Central to the activities of these associations are forums at which scholars present their research in open, collegial exchanges and debate their differences. Presentation-feedback-revision is a self-regulating mechanism that establishes a working consensus on quality and thereby assures the accuracy of information and reliability of analysis. The democratic, autonomous character of scholars’ voluntary associations lends authority to the new knowledge they produce, so that it has greater impact when broadcast in the public sphere.
There are differences, of course, in the ways learned societies implement their missions.
Societies in the United States, such as the Association for Slavic, East European, and Eurasian Studies, closely match the Tocquevillian democratic definition. They were created by the initiative of individuals, not institutions or ministries. Their membership is open to everyone (from full professors to PhD candidates) interested in the studies they promote; there is no formal application/acceptance procedure. Learned societies are independent—self-governing and self-financing. Decisions are made by peer-review committees, not by appointees of universities or governmental bodies.
These specificities of American learned societies bring distinctive benefits to individuals, to the institutions in which they are employed, and to the national (and international) academic communities to which they belong.
Individual scholars have strong vertical obligations—up to the hierarchies within their employing institutions and down to the PhD candidates they train and the students they teach. But horizontal contacts are important as well, for sharing ideas and research findings with colleagues at other, often distant, institutions. Individuals seek such connections on their own, of course, but the meetings of learned societies multiply opportunities for cross-institutional exchange on current research. Scholars writing alone crave the collegial, self-organized exchange they find at learned-society conventions.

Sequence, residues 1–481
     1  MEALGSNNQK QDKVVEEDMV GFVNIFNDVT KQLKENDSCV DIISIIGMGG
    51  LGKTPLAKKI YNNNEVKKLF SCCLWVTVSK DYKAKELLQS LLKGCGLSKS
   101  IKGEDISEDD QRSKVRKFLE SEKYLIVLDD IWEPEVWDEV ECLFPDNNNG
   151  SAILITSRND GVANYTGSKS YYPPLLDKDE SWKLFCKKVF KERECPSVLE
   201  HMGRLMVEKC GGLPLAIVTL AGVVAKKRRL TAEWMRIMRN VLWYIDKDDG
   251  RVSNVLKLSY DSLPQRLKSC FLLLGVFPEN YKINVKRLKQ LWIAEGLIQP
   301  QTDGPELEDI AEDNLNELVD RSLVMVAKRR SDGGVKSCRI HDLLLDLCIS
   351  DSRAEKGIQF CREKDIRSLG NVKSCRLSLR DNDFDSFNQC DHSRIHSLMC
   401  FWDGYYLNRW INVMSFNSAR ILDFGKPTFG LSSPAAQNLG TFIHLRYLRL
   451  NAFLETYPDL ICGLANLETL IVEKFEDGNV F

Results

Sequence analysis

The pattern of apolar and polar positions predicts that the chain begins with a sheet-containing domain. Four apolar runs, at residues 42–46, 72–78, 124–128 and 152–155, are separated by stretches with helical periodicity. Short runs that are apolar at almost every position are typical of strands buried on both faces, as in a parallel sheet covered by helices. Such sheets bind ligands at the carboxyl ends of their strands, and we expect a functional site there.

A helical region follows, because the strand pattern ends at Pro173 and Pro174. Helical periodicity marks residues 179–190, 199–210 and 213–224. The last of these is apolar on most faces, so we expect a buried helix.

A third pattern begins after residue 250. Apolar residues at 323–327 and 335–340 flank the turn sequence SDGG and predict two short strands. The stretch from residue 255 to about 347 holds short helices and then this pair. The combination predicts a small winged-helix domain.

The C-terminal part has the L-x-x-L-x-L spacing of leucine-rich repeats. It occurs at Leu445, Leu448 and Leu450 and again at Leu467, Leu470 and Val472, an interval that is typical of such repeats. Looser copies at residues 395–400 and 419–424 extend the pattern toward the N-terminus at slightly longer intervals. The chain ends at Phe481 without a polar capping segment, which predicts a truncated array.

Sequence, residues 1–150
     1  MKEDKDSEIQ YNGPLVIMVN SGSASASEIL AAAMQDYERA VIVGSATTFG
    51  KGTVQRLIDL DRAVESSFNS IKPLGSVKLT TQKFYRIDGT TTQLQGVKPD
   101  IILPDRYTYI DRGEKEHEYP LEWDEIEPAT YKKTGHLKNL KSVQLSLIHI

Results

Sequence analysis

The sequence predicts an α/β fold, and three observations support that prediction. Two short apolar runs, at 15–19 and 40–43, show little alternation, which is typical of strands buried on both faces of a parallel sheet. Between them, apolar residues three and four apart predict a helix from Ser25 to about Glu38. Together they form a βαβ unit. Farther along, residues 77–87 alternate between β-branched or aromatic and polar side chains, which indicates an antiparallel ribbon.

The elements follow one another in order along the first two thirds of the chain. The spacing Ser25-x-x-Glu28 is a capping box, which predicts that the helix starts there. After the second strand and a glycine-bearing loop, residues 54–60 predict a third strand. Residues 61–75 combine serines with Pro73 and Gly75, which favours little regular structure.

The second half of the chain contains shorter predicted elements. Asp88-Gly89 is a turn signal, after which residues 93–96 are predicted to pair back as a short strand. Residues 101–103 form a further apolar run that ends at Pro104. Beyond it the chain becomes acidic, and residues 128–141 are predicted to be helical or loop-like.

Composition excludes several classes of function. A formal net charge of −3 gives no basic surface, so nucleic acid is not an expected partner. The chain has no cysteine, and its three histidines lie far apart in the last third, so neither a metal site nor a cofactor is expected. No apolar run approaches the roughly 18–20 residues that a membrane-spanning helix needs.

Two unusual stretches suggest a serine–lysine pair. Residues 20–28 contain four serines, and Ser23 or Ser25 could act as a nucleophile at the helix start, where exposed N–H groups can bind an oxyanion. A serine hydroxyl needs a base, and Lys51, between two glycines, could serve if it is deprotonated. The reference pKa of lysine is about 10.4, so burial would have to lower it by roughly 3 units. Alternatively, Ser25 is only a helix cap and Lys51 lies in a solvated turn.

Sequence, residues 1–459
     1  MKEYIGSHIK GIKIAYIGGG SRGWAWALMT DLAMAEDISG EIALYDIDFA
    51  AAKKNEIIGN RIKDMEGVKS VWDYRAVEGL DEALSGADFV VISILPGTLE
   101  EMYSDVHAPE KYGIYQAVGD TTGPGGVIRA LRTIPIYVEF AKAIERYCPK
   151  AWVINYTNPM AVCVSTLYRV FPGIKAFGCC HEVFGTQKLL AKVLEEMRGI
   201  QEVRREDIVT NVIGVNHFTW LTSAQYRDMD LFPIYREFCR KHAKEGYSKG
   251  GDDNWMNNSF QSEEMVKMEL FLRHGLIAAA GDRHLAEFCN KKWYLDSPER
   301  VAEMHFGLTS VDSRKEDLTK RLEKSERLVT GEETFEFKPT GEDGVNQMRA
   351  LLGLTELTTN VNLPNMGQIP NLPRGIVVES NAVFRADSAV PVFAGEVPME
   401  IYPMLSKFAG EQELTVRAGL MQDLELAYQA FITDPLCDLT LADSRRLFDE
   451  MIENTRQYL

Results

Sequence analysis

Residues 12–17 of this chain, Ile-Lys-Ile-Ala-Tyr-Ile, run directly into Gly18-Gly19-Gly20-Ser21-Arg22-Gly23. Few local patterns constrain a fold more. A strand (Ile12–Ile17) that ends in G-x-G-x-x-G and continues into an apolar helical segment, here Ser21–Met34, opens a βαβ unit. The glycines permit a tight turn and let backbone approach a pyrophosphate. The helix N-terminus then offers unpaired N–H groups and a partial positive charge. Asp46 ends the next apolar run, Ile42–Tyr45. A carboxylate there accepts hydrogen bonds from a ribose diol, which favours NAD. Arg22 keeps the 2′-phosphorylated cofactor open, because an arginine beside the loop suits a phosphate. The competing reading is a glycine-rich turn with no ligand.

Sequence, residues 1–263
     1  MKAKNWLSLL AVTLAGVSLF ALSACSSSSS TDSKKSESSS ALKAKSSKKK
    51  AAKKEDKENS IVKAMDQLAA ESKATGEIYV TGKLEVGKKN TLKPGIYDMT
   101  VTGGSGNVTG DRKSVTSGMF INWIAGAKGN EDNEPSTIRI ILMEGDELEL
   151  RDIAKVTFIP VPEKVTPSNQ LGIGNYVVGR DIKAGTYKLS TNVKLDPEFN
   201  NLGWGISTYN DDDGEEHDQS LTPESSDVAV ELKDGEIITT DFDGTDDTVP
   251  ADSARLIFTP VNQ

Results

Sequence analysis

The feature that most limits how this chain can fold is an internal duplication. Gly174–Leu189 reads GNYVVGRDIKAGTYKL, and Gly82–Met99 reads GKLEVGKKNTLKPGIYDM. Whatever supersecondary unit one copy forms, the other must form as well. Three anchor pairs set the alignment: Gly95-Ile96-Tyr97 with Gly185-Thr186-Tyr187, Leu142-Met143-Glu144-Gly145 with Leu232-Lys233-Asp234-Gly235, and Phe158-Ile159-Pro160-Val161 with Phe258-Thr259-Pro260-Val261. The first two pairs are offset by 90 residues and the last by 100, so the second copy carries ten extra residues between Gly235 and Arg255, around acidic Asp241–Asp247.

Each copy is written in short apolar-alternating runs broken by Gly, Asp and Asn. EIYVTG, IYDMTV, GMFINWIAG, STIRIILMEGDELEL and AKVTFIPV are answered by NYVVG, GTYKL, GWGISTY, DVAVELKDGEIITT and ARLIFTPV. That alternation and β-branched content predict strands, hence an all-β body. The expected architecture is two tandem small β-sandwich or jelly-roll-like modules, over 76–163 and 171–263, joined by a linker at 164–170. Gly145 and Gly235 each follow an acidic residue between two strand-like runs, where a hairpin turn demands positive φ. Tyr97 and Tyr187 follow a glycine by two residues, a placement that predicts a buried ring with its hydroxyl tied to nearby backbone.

It might seem that institutions would resent the horizontal dispersal of energy by their faculty, especially when service on learned-society committees consumes their employees’ valuable time. But that is not the case, at least not in North America. In fact, universities appreciate the independent verification of the quality of the accomplishments of their faculty, measured through prizes and other honors offered by societies, as well as through the recognition that comes with being elected by one’s peers to governing bodies and committees.
The benefits of learned societies are also substantial for the public sphere. Learned-society meetings stimulate new research. Feedback shared at panels tests the accuracy of factual knowledge and analysis. Scholarly debates provide a model for rigorous and objective discussion. All this academic activity enriches the contribution scholars can make to public debate.